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QuickTime and Other Plug-ins

QuickTime and Other Plug-ins

One of the more surprising features of GoLive is its built-in QuickTime Editor. The Editor works almost as a mini-Premiere, allowing you to add effects, transitions, animated sprites, extra audio tracks, and text to your QuickTime movies. Admittedly, you’re limited to how much you can do, and GoLive’s editor is no replacement for one of the bigger video-editing programs, but it’s effective enough if you’re looking to spruce up your stuff before putting it online.

The QuickTime Editor came in handy for me, since I felt Orifex deserved a video. (Unfortunately, the sole member of the band died before making one of his own.) I had some random footage from my aborted film projects and I had the band’s CDs. These components turned out to be all I needed to make a really excellent video. I knew any true Orifex fan would find it well worth the monstrous download time.

So here’s how it’s done: First, open your QuickTime movie in GoLive as you would any other file. It will appear in the Movie Viewer, which is a little window with VCR-like controls, similar to any QT player.

Movie Viewer

The Inspector has now become, as if by dark magic, the QuickTime Inspector. It displays some basic info about the clip (duration, file size, picture size, etc.) and allows you to add annotations if so desired (the director’s name or copyright information or whatever).

Back over in the Movie Viewer, in the top left corner, is that little multicolored film icon. Clicking on that will bring up the Track Editor. This is a simple control panel that’ll look hauntingly familiar to anyone who’s used a video or audio editor before. Your movie file is broken down into audio and video tracks, each with its own Inspector window.

Track Editor

To start tweaking, you need to return to the Palette and click on the QuickTime tab. I didn’t even know this tab existed until I stretched out the Palette and discovered there were some extra tabs there – make sure you see all nine or you might be missing out on some cute gimmicks. Inside the QuickTime tab are a number of draggable icons used for adding stuff to your clip: another video track, another sound track, special effects, transitions, text. You can even add an HREF track so people can click in your video and be taken to another page. Each track will have its accompanying Inspector, where you can tweak the size and shape or modify how it will interact with other tracks.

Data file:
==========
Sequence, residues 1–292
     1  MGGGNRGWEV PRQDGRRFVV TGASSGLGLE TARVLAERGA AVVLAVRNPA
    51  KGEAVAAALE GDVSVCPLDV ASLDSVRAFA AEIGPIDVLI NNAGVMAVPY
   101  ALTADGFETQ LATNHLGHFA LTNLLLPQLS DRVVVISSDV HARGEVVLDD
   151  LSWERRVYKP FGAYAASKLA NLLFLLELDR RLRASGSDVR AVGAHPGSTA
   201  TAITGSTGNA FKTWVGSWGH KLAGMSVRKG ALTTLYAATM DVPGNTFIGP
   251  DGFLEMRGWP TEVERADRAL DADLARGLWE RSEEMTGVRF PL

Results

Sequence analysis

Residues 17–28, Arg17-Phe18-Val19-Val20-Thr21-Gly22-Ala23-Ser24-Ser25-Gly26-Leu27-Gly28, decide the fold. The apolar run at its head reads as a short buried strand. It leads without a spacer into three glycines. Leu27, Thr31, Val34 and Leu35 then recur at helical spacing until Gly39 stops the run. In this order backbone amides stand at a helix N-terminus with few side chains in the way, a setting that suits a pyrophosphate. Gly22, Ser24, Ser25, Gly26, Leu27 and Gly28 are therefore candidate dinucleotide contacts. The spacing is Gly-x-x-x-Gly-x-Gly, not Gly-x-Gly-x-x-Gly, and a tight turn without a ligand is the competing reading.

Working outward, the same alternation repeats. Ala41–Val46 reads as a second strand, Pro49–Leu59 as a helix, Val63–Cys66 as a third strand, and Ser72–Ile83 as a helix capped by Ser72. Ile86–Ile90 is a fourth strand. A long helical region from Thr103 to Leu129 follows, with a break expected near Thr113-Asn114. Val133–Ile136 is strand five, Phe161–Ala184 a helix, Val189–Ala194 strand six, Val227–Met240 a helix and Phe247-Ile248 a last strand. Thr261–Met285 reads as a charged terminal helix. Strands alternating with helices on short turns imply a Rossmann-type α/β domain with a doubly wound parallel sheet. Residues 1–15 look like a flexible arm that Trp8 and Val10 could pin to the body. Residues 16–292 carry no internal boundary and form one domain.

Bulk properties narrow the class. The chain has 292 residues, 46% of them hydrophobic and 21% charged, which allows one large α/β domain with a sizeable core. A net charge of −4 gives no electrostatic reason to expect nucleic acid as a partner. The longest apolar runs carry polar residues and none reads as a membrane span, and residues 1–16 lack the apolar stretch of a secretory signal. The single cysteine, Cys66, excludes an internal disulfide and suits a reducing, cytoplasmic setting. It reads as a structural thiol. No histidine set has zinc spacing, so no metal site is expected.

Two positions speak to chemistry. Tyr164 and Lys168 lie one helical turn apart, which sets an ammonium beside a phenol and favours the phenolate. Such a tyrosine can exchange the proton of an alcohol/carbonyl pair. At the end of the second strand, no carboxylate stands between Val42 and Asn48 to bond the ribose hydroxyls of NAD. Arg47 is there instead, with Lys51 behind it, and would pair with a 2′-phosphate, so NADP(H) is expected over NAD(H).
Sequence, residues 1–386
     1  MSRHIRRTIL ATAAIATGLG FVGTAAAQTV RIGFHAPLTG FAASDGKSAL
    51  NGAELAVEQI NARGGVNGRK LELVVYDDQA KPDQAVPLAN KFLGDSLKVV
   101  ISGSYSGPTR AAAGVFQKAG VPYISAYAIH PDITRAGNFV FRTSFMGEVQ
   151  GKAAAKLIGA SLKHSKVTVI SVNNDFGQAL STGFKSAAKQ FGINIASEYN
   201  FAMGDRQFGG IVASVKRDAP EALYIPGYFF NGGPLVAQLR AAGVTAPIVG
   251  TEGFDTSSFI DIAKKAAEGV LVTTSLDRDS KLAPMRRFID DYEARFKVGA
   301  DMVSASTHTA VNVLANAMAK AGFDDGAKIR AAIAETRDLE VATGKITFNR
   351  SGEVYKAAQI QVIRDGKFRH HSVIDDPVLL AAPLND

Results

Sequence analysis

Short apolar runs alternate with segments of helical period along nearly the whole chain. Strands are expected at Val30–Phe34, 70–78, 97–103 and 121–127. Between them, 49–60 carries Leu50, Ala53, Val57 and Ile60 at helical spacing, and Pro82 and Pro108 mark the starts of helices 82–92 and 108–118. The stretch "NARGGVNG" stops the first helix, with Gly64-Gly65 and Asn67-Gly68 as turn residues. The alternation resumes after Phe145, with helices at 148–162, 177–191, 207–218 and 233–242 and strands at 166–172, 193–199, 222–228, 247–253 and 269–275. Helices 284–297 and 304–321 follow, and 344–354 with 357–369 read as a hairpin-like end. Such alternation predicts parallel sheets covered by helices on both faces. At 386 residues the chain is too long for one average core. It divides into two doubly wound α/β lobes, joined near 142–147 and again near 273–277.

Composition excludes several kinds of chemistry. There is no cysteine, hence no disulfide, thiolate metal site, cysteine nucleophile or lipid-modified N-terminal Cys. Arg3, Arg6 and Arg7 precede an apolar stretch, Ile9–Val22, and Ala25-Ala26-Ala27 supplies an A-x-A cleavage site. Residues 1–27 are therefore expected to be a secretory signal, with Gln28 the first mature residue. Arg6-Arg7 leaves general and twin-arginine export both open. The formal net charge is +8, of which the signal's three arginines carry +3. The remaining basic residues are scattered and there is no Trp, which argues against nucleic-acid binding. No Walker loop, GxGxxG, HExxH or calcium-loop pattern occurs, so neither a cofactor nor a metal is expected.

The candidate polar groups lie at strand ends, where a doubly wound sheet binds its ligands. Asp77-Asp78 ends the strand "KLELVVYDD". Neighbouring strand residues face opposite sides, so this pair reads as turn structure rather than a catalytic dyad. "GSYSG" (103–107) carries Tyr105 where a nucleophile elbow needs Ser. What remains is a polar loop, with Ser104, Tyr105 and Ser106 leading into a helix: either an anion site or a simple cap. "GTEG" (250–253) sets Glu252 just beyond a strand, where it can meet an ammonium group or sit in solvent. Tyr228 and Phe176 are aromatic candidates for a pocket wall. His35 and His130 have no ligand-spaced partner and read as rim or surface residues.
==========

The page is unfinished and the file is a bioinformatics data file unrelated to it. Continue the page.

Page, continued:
Let’s take a look at an example. I want a little credit at the beginning, so I select the Text Track icon in the QuickTime Palette and drag it over to the Track Editor. A new track appears underneath the video and audio tracks, and the Inspector becomes the Text Track Inspector. I use the Left, Top, Width, and Height fields in this window to set exactly where the text will appear on the screen and how big it will be. Then I set the Graphics Mode to Blend, which makes the titles slightly transparent so the movie can still be seen behind it. Finally, I press the Text tab and enter what I want the titles to say in the Text blank.

Text Track

Then I hit the New button, which adds the text to the Text Track. By default, that track will run for the entire duration of the movie, but it can be adjusted by fiddling with the arrows next to the Start and Duration readouts. I only want the title to appear for the first 10 seconds of the movie, so I make sure that it starts at 00:00:00:00 and remains until 00:00:10:00.

This is essentially how editing your video works. For my video, I add an audio track by pulling the data from an AIFF file and replacing the existing soundtrack with the data. Then I add two more video tracks and some special effects, blending everything together with some interesting and egregious results. I use some of QuickTime’s built-in effects to further screw things up: The whole video wobbles like it’s underwater, and there are some grainy scratches that make it resemble old film footage.

Once my monstrosity is complete, I add it to my page and preview it right there. GoLive supports most of the major plug-ins out there today (RealPlayer, Flash, Shockwave). Just take the plug-in from your browser folder and drop a copy into GoLive’s plug-in folder, and it’ll be ready to go.

I want to put my QuickTime movie and a handful of RealAudio clips on my Media page, so I add those plug-ins to my GoLive folder. Then I drag the Plug-in icon from the Palette over to the Document Window, adding it to my layout. GoLive creates a generic place holder for a plug-in and brings up the Plug-in Inspector. Using the Inspector, I can specify which media file I want to use.

As long as GoLive has the necessary plug-in installed, it should automatically figure out what format I’m inserting and be able to preview the results. So when I choose my QuickTime movie, the Plug-in Inspector identifies the MIME type as “video/quicktime” and adds a QuickTime tab to the window, where I can adjust QuickTime-specific characteristics like autoplay, loop, and background color.

Plugin Inspector

After doing all of this, though, I realize the QuickTime file is too huge to force people to load it automatically, so instead of embedding it and the RealAudio files right into the page, I make them all downloadable (along with my MP3s) and list the file size alongside so people will know what they’re getting into.